It’s illegal for a workplace to discriminate against someone because of a mental illness — but that doesn’t mean it doesn’t happen.
In an ideal world, revealing a mental illness at work means you’ll be met with support. In the real world, that’s not always the case. Take these steps to make sure disclosing helps, instead of hinders, your career.
Mental illness chats in an interview?
No need to offer up your diagnosis. Studies show that companies are reluctant to hire candidates with mental disorders. And it’s hard to prove your health was what took you out of the running, says Chad Saunders, an attorney who specialises in workplace discrimination.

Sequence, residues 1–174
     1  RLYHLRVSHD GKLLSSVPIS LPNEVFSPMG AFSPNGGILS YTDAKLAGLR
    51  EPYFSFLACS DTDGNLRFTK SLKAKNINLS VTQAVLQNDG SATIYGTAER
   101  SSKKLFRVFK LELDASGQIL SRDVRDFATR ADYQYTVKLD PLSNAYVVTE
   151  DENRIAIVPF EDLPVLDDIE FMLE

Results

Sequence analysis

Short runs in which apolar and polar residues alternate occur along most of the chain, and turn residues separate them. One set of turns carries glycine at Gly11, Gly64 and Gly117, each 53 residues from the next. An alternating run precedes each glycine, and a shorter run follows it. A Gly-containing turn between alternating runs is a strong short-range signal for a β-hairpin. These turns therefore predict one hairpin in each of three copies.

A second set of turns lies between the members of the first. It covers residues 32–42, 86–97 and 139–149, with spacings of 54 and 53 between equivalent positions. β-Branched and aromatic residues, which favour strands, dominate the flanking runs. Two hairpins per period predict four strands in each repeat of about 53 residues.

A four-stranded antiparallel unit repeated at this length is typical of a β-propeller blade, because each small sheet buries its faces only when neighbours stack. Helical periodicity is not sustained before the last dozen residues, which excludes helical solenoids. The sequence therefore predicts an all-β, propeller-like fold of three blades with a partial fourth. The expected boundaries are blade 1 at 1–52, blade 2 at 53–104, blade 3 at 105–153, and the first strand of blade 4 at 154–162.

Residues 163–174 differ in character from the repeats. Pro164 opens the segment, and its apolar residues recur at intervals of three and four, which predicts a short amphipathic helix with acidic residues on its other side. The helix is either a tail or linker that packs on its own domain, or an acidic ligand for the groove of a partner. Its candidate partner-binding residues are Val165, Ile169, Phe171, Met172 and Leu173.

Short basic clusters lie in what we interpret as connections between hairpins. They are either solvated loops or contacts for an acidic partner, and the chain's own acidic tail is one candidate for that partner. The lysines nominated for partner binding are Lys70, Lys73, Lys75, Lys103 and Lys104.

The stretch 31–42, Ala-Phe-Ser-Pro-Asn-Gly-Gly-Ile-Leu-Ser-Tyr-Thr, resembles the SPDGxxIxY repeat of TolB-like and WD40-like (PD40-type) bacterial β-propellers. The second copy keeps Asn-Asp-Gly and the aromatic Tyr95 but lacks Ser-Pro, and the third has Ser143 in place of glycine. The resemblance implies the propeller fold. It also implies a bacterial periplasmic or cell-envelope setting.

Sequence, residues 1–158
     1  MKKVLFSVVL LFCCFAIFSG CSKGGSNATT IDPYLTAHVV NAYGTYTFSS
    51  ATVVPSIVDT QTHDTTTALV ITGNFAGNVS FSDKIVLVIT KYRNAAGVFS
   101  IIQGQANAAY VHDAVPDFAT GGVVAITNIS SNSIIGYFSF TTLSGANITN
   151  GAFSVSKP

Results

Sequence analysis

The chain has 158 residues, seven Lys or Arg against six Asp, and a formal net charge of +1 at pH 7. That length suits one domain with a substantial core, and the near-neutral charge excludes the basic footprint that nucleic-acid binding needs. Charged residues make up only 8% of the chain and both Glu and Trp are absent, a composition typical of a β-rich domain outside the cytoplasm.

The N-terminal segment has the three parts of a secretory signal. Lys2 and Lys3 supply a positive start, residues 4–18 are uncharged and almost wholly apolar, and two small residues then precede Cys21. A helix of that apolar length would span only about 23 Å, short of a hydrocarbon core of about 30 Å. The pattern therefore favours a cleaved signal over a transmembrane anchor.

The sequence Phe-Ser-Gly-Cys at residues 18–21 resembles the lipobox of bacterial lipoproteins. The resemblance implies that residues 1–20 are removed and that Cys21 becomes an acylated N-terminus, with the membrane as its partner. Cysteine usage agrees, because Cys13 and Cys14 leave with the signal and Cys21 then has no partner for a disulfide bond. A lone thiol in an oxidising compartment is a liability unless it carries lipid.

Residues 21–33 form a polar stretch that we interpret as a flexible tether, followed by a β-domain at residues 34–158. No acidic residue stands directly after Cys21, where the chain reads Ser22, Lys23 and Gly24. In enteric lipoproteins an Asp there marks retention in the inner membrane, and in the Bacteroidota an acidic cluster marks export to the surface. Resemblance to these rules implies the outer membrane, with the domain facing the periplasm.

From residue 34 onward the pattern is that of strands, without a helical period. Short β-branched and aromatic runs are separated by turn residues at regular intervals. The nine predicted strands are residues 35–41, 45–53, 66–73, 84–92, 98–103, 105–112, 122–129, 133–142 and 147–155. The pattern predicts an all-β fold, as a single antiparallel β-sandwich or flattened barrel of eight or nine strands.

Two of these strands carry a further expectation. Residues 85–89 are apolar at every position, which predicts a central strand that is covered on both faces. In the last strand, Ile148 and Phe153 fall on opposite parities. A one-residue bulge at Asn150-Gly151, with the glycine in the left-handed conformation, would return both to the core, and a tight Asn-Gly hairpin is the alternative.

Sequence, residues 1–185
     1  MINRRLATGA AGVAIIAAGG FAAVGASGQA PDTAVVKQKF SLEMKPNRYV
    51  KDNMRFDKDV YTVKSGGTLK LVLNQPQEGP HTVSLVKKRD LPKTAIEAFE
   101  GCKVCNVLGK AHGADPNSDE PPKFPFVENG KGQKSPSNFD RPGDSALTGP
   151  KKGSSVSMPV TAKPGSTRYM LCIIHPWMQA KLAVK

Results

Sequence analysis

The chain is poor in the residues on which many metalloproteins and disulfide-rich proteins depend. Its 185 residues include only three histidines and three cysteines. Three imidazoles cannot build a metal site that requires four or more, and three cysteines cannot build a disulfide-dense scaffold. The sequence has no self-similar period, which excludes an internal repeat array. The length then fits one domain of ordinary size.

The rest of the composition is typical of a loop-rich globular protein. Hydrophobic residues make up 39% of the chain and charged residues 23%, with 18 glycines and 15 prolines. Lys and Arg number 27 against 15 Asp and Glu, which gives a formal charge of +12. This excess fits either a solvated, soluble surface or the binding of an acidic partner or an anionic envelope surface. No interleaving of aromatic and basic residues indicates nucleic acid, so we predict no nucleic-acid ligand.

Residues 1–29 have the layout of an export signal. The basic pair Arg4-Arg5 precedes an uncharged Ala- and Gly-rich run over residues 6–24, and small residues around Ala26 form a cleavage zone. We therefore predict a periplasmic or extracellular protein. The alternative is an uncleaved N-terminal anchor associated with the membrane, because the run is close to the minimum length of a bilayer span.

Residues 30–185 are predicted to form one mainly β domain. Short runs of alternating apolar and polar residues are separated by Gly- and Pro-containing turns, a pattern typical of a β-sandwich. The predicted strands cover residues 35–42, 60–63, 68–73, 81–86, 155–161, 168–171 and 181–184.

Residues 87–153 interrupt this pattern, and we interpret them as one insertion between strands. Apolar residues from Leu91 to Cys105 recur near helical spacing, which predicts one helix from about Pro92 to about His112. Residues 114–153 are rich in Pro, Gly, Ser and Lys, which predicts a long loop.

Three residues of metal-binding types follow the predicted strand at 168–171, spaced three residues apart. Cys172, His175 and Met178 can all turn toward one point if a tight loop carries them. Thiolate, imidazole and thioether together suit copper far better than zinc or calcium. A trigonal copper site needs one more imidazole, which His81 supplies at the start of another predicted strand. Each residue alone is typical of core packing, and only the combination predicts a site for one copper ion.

Mental illness reveals on the job?
Speak up if you need help. Request a meeting with both your direct manager and HR to outline, specifically, what you’d like your workplace to provide (for example, a flexible schedule so you can get to therapy sessions). Recap everything in an email so you have a record. Suggest they contact an Employee Wellness Programme provider, suggests Mariaan Jacklin, occupational therapist at Akeso Specialised Psychiatric Clinics.
“They can provide your company with mental health first-aid training. This includes advice on how to approach mental health in the workplace and provides an action plan for crisis situations.”
If you’re fired or feel you had to resign?
Contact your local office of The Commission for Conciliation, Mediation and Arbitration (CCMA). They will assess your case free of charge. “The Mental Health Act and Employment Equity Act prohibit any discrimination based on a person’s mental status,” says Jacklin.
This article was originally published on www.womenshealthsa.co.za